Let's set the wayback machine to 1993 when we used to track the number of "hits" to a website. At that time a website was simply an HTML file with text and a bunch of links between pages. A hit was counted every time one of the HTML pages was displayed in the Mosaic web browser. (Mosaic was the first web browser.)
The early internet engineers wanted to know how many times their pages were read, and they assumed each "hit" represented 1 person taking the time to actually read it. Those old counting system didn't consider that other file types, like images, would eventually get caught up in the hit counting.
Before anyone knew it, a page with 2 images was counting as 3 hits, and a page with 9 images was counting as 10 hits. This meant that two people visiting a page with 9 images would suddenly be 20 hits, rather than just 2. Thirty visitors would count as 300 hits.
These numbers got out of hand very quickly, and it took years before software was created to accurately report on the number of visitors using unique IP addresses rather than counting the number of file hits.
Now let's jump forward to 2003 when new website owners wanted to increase the traffic to their websites. Many SEO companies were preying on the uneducated and were guaranteeing the number of "hits" that would be brought to a website. Website owners were ecstatic to see 1,000,000 hits without every knowing that the process was automated to inflate the numbers.
The end result was that store owners saw no increase in the bottom line of their net income.
Regrettably, the term "hits" is still with us today because it's built into all tracking software. Just remember to ignore that number and look for the number of unique "visitors" instead. From that visitor number you should be able to extrapolate a correlation to your increased net income.
Now let's jump forward again, this time to 2011.
Many jewelers tell us that they would rather have sales from Facebook efforts instead of huge increases of the people who Like them. Many marketing companies create Facebook methods to gain sales, assuming that quantity of sales is tied to the number of Likes a Page has. Automated systems now exist that succeed in building large numbers of Likes, and many Facebook users really do seem to enjoy them.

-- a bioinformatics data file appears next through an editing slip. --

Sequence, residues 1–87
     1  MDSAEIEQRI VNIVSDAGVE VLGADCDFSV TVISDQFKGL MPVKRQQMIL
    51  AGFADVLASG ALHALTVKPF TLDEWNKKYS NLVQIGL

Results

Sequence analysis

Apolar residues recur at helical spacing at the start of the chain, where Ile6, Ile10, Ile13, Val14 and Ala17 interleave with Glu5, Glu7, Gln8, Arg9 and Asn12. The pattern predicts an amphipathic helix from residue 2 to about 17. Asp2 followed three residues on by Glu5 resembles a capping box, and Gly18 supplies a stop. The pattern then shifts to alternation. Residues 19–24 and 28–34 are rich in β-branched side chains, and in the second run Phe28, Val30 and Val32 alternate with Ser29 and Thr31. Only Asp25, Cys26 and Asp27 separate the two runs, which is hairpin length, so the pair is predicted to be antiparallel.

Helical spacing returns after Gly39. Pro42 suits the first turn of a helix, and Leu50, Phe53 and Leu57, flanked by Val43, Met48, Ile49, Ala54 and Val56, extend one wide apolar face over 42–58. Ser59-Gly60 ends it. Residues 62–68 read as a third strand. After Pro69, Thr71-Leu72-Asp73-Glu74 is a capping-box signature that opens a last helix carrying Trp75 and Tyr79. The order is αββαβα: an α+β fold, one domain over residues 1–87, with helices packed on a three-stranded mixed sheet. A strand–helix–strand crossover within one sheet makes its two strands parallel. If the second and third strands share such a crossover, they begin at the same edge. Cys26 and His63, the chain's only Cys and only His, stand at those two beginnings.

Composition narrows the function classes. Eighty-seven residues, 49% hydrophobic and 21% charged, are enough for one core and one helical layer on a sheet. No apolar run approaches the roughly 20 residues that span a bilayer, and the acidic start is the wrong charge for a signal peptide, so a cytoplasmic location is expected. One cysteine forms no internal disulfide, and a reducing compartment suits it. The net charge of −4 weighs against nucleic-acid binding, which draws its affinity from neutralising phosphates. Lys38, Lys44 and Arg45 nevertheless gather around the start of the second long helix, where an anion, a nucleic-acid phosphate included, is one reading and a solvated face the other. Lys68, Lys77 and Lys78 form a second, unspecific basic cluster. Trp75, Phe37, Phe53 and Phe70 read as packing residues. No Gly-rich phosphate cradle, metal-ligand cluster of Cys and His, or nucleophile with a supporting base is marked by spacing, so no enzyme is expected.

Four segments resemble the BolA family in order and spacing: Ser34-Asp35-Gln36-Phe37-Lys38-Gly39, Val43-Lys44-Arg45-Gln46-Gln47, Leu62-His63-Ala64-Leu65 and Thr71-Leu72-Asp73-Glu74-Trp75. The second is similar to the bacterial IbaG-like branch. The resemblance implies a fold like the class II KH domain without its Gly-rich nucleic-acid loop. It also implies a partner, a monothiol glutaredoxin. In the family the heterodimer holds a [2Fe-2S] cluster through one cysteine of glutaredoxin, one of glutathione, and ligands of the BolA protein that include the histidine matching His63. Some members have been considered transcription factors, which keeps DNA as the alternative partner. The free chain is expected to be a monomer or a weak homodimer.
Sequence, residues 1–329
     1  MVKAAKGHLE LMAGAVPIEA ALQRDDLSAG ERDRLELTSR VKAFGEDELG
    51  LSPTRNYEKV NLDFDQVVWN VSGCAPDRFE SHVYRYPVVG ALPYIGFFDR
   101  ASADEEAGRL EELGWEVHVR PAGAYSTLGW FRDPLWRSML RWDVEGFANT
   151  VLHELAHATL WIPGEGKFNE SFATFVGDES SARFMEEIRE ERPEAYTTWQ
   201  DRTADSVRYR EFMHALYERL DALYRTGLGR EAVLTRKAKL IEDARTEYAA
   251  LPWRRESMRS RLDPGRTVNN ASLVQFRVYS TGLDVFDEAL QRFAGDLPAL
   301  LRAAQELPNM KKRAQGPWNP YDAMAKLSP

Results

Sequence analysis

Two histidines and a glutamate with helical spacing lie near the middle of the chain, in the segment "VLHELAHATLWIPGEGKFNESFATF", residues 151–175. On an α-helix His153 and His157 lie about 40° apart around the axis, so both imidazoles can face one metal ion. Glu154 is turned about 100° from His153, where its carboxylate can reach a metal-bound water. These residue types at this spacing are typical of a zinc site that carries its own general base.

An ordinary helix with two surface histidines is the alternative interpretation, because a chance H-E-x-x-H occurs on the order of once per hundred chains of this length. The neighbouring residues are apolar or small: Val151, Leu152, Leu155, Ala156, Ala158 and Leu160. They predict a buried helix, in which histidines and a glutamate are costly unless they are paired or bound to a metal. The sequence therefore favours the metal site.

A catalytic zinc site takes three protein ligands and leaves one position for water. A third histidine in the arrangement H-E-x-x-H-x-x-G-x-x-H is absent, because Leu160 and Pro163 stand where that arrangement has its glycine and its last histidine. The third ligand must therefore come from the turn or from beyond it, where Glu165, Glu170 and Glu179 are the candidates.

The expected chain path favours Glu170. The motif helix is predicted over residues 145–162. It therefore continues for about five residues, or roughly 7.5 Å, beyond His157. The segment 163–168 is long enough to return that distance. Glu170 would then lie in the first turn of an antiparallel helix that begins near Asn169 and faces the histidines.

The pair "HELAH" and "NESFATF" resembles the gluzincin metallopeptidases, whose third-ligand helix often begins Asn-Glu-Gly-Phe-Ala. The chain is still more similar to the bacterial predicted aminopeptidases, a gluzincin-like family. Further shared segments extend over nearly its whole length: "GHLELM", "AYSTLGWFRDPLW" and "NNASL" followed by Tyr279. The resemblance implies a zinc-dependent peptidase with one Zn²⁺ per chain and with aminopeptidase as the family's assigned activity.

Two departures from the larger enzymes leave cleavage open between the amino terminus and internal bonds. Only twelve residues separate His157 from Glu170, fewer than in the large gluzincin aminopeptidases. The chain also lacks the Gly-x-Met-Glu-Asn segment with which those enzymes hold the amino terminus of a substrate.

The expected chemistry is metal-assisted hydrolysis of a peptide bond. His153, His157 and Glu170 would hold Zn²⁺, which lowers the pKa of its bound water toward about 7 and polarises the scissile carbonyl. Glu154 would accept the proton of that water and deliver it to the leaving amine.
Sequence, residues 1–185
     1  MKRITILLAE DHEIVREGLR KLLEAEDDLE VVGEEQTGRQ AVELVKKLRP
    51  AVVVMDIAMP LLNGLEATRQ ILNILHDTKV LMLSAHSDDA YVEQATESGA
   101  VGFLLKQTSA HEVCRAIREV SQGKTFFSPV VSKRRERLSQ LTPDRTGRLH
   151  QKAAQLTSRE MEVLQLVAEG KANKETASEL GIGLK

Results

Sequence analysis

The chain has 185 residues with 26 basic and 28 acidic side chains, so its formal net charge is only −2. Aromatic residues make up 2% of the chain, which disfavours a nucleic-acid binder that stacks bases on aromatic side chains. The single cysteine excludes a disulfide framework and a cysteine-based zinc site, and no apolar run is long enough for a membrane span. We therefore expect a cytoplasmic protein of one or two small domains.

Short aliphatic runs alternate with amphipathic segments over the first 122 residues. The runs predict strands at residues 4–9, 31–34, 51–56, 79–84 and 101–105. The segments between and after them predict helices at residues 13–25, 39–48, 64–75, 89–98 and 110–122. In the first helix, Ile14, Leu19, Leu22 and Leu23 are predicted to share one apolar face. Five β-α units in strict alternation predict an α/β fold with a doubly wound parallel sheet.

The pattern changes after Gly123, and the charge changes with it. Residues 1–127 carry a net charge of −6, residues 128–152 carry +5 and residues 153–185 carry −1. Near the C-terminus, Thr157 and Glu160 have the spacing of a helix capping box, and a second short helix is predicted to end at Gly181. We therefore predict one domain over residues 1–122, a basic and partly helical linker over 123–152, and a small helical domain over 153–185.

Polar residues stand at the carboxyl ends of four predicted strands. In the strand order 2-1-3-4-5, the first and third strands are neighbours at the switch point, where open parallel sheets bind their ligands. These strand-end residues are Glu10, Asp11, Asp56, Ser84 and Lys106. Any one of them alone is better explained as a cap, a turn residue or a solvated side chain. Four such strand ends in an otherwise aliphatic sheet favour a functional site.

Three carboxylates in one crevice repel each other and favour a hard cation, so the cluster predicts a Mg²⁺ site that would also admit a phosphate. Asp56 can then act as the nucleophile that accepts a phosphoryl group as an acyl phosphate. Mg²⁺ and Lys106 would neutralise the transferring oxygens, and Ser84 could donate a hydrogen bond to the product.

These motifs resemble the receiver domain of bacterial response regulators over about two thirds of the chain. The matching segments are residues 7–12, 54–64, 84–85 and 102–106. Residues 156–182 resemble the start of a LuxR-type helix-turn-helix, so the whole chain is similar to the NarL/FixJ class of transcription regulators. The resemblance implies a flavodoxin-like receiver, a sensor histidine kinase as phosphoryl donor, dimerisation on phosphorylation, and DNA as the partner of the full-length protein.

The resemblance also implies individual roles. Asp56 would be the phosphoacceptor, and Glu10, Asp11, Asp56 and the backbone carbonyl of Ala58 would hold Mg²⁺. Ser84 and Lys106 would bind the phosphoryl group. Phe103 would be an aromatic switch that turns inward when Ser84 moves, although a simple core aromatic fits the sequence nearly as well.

We have a contrarian opinion of Facebook. We believe that there's a new, erroneous hit counter on the loose--the number of Likes to your Facebook Business Page.
Unfortunately, no one is willing to admit that Facebook just wants to be the place where people can be social, without automated spam advertising clutter.
In February 2012 we started our first serious dive into an ocean of collected data about Facebook and how that relates to the number of visitors to your site. We probably won't have conclusive data until mid June 2012. As we've been quietly monitoring our data other people are also starting to realize that something is wrong with the Facebook "f-commerce" model and methods of building a business.
One of the interesting things we've notice so far is that very few types of FB posts will bring a customer to your website from their favorite social network. It also seems like the jewelers we are working with are struggling to have more than 20 monthly referrals from Facebook to their website. What's even more surprising is that the jewelers with more Likes have consistently fewer numbers of referrers to their website.
In general, those jewelers with 3000 Likes have automated paid services to generate interest, and those with less than 1000 usually rely on a very manual process to interact with their customers.
Your website is where you can control your sales, not Facebook. Facebook is good for branding, but so far those 3000 Likes acquired through automation don't seem to correlate to an increased net income, in fact they appear to be working against you.
Stay tuned, we'll provide hard data as we work through it.